Wednesday, 16 September 2015

CD Reviews - Joanne Shaw Taylor, Steven Wilson and Thunder

Ok - so after a brief delve into the very murky waters of politics... anyone still here who is interested in music?

A quick round up of recent CDs I've bought.

Joanne Shaw Taylor - The Dirty Truth

Just to set the record straight in case the politician posts are still causing the mud rakers to sling insults at any of my posts - I used to work with her Dad.  Not closely but we were in the same company for a few months together and discussed music, work and football in the Directors suite at Arsenal's ground on some company do once I remember.

This is a terrific album.  I've been listening to Joanne for ages on Spotify and had her CDs on my wish list but never got around to buying one.  This was just there screaming at me when I was in an old fashioned record shop in Maidstone.  If you've never listened this is as good a place to start as any - I'd say she is the best blues/rock singer guitarist in the UK at the moment... of either gender.  She has a terrific Jopin/Jess Stone type voice and her guitar playing goes from Albert Collins through Gary Moore to Bonnamassa with country rock thrown in and some funk to.  She is a really complete player.   Stand out tracks... hmmm - a lot actually.  Ok the starter Mud Honey is a great rocker track Tried, Tested and True is a great bluesy ballad and that is followed by another rocker proving great guitar riffs can still be written in Outlaw Angel which just smells of Gary Moore as it kicks off.   If you like Joe B, Gary Moore etc. you should give this a  serious listen.

Steven Wilson - Hand Cannot Erase

I bought this after a friend of mine went on and on about it being a work of genius.  It is very good.  It is prog rock at it's best - flawless execution throughout, stunning musicianship and a concept album to boot!  However the concept it dark.  Very dark.  Based around the sad story of Joyce Carol Vincent who was a young lady who died in London in late 2003 however her body was not discovered in her London flat until 2 years later.  She'd become estranged from her family and friends and was not employed and was so isolated in a city of 8 million people that noone noticed she wasn't about.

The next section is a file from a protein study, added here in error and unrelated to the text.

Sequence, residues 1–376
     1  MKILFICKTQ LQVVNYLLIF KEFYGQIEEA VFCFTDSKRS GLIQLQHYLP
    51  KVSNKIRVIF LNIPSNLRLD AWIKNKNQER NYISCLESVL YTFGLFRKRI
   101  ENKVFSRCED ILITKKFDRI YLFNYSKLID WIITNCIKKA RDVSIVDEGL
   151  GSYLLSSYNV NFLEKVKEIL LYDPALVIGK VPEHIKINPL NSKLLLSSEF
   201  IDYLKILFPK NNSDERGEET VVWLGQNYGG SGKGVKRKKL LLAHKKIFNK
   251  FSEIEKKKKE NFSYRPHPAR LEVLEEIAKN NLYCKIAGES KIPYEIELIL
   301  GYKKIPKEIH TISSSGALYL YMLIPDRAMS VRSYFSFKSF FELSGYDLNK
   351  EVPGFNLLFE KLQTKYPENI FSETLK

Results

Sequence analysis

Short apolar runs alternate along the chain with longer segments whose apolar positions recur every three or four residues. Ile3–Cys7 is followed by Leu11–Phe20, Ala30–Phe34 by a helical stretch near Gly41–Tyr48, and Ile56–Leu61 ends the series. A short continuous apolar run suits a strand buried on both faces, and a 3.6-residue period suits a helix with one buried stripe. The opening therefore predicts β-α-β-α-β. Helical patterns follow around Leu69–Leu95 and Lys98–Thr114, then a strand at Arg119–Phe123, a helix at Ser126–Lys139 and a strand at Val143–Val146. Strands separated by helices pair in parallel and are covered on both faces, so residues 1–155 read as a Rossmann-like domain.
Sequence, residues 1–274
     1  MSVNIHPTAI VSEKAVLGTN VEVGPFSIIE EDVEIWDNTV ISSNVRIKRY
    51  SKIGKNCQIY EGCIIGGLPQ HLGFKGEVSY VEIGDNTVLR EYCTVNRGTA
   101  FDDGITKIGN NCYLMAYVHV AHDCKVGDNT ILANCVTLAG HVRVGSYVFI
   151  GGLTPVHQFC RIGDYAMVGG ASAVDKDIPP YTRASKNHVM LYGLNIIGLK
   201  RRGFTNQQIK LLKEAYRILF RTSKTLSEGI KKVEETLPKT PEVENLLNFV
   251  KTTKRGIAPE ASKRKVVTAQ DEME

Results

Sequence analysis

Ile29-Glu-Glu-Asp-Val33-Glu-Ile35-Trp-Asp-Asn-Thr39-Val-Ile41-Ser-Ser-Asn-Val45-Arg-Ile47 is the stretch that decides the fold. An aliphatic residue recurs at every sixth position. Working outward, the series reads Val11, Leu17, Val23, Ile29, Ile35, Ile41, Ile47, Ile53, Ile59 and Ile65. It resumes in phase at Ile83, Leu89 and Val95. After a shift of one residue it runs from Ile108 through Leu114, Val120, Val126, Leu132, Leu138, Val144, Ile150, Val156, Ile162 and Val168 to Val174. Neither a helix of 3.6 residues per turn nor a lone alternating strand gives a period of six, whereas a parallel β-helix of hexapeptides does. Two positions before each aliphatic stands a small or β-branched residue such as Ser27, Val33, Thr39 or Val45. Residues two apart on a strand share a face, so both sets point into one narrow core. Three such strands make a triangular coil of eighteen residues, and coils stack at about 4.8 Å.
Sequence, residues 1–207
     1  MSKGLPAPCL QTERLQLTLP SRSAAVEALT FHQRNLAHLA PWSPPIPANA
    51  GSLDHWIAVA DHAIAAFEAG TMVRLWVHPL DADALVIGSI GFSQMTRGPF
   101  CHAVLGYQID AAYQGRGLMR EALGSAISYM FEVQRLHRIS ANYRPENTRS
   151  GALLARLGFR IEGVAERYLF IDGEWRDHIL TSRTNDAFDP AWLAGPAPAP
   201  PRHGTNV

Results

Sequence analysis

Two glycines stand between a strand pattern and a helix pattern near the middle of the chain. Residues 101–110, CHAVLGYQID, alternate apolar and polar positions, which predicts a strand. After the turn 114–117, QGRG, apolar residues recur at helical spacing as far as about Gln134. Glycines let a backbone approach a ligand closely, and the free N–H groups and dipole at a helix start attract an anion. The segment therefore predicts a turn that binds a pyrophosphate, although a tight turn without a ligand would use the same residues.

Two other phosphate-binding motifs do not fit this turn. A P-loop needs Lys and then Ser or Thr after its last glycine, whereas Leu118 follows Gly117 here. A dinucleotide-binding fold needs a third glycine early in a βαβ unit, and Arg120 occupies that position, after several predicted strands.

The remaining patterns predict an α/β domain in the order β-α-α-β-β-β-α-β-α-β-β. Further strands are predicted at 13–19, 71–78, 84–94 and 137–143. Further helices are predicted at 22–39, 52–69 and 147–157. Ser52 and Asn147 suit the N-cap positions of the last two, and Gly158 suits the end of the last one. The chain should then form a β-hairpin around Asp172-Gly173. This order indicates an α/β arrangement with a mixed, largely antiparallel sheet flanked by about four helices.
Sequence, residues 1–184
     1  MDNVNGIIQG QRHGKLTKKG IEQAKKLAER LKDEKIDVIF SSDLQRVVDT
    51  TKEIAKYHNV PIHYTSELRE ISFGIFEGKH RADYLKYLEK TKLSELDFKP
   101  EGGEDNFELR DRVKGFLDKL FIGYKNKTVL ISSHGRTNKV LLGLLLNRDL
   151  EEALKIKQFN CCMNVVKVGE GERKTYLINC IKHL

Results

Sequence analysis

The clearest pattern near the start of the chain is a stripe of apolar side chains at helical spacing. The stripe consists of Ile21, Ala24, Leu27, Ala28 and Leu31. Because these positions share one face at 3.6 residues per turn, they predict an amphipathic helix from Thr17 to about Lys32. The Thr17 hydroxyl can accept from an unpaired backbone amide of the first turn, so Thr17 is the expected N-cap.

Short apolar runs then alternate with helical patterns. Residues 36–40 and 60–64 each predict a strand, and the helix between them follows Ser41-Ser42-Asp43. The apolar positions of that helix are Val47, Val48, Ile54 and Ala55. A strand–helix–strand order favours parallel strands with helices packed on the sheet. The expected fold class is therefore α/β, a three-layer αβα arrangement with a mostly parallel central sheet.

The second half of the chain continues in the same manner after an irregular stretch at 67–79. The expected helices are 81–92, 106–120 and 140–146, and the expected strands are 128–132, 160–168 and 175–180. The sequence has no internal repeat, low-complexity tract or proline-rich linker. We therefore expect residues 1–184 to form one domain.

So what do I think of it?  Hmmm... I can't help but compare to other artists/albums throughout.  This doesn't mean it is bad, it isn't and the playing is faultless but from the kick off 3 Years Older my head is screaming "oh yes like Rush around Hemispheres."  Sadly for me there is too much of that so whilst a good work, flawlessly played it doesn't inspire like others.  As I said at the start my friend would walk over coals to get this and she waxes lyrically repeatedly about how she can barely listen to anything else currently.   I've yet to tell her it's good but not quiet the full cigar yet....  I can see her look of consternation already!

Thunder - Wonder Days

Another impulse buy in a record store.  I bought their first two albums on cassette - children asked your grandparents LOL!.   Laughing of Judgement Day is still one of favourite albums in the "classic rock" genre.  Now many years later in 2009 I dragged my son into the hot and sweaty tent at Sonisphere late one night to see Thunder's very ever last live performance.  They were ok that night - not brilliant and there was clearly some taught emotion in the band notably Danny Bowes.  However the buggers reformed did some festivals... support tour and now a new album!  However this is one the best since the early ones in my humble opinion.  The kick off title track is immense.  An emotional vocal performance which has always set Danny apart in my view - when he means the song he sings is.  A great sing along chorus etc.  This sets the scene and we are rocking along as good as any classic UFO, AC/DC, Uriah Heep anyday.  Ok this'll never make someone go "That's new and different" but then it doesn't set out to this is Thunder doing what Thunder have done brilliant for years play belting rock n roll.  It is a shame they've never quite broken out of the slightly underground feel of following but I still think many who like Kiss, Aerosmith etc. in the USA would do well to stick this in their MP3 player and hit the interstate on their Harley.   A mandolin even makes a well deserved appearance on the lighter holding aloft ballad "The Rain". Only one duff track the closer I Love the Weekend should have stayed on the cutting room floor... but apart from that very worthy listening.

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